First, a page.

Hate Crime: Christian Navy Veteran Charged for Tearing Down Satan Statue in Iowa Capitol

A Christian U.S. Navy veteran has been charged with a hate crime after admitting to beheading the Satanic Temple’s statue on display at the Iowa State Capitol in December.

Michael Cassidy was initially charged with misdemeanor criminal mischief on December 15, but the Polk County Attorney’s Office indicated that the Mississippi man’s admission that he “destroyed the property because of the victim’s [the Satanic Temple] religion” prompted the charges to be upgraded to “third-degree criminal mischief in violation of individual rights, a class D felony.”

The cost to repair or replace the damaged Satan statue would be between $750 and $1,500, prosecutors said.

“The Polk County Attorney’s Office seeks fair and just resolutions of all cases, as we continue to apply the law equally to all, regardless of religion, race, sexual orientation, or economic status,” officials added.

The retired military officer originally made headlines after tearing down and removing the head from the statue. 

Cassidy told the Sentinel at the time that he destroyed the statue to “awaken Christians to the anti-Christian acts promoted by our government”:

“The world may tell Christians to submissively accept the legitimization of Satan, but none of the founders would have considered government sanction of Satanic altars inside Capitol buildings as protected by the First Amendment,” Cassidy said. “Anti-Christian values have steadily been mainstreamed more and more in recent decades, and Christians have largely acted like the proverbial frog in the boiling pot of water.”

Michael Cassidy (votecassidy.com)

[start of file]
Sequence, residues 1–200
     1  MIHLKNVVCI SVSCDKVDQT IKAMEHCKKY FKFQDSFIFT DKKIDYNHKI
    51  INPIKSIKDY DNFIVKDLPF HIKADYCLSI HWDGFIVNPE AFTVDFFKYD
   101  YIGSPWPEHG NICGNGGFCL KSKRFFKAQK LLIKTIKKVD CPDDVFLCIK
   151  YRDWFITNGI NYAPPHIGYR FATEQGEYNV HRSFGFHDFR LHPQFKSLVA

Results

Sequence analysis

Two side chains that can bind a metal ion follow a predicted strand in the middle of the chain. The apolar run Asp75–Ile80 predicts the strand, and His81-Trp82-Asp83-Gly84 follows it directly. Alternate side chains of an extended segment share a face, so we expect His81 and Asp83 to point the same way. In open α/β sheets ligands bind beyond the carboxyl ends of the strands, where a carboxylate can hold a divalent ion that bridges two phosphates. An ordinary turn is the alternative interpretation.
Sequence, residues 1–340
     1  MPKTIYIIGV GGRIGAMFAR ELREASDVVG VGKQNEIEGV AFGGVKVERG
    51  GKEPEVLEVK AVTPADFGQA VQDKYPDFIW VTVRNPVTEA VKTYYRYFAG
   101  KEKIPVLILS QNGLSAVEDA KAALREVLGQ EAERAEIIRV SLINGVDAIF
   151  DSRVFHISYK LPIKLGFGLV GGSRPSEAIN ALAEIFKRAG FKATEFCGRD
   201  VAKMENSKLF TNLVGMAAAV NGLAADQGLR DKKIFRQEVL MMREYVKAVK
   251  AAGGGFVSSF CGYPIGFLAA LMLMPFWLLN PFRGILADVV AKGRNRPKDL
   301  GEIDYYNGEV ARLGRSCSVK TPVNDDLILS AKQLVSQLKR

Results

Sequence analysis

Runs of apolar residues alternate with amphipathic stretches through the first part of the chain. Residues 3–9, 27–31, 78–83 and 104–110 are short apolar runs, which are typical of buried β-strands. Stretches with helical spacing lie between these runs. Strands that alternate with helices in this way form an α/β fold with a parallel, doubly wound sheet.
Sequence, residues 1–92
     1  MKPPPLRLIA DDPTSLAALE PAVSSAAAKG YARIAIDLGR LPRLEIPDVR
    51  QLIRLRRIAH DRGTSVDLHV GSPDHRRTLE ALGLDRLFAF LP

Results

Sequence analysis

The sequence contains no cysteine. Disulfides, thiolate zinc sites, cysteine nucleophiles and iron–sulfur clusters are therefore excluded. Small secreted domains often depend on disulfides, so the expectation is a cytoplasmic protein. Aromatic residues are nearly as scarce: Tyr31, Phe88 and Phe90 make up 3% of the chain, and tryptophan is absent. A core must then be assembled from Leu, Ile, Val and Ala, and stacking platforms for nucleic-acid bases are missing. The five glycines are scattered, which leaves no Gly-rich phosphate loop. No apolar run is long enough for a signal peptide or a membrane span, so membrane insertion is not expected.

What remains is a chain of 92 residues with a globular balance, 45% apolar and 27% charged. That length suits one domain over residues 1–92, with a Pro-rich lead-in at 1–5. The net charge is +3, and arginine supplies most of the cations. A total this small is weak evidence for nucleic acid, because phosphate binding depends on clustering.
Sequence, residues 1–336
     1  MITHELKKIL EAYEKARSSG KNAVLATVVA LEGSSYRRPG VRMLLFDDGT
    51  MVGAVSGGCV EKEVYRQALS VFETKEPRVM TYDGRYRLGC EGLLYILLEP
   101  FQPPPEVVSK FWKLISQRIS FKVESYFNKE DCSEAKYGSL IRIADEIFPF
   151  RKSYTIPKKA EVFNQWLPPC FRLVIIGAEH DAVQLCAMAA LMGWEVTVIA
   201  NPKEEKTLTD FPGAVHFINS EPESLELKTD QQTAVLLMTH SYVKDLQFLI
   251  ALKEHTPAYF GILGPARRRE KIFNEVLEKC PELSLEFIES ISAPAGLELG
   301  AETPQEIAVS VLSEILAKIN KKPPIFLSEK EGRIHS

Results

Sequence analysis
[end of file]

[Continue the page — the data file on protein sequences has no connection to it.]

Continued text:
Police arrested Cassidy after he turned himself in to officers present in the building.

“I saw this blasphemous statue and was outraged,” the veteran said. “My conscience is held captive to the word of God, not to bureaucratic decree. And so I acted.”

Cassidy is set to be arraigned on February 15.

The statue was on public display in the Iowa Capitol building, about 100 feet from a Christmas tree, according to KCCI.

“It was permitted by rules that govern religious installations inside the Capitol,” the outlet reported.

Satanic Temple co-founder Lucien Greaves said at the time that the statue was a symbol for religious freedom.

“We’re going to really relish the opportunity to be represented in a public forum. We don’t have a church on every street corner,” Greaves said. “My feeling is if people don’t like our display in public forums, they don’t have to engage with them. They don’t have to view them.”

Iowa Gov. Kim Reynolds (R) came under fire for allowing such a statue in the state’s legislative building, though she responded by calling the display “absolutely objectionable.”

“Like many Iowans, I find the Satanic Temple’s display in the Capitol absolutely objectionable,” Reynolds said in a statement. “In a free society, the best response to objectionable speech is more speech, and I encourage all those of faith to join me today in praying over the Capitol and recognizing the nativity scene that will be on display – the true reason for the season.”


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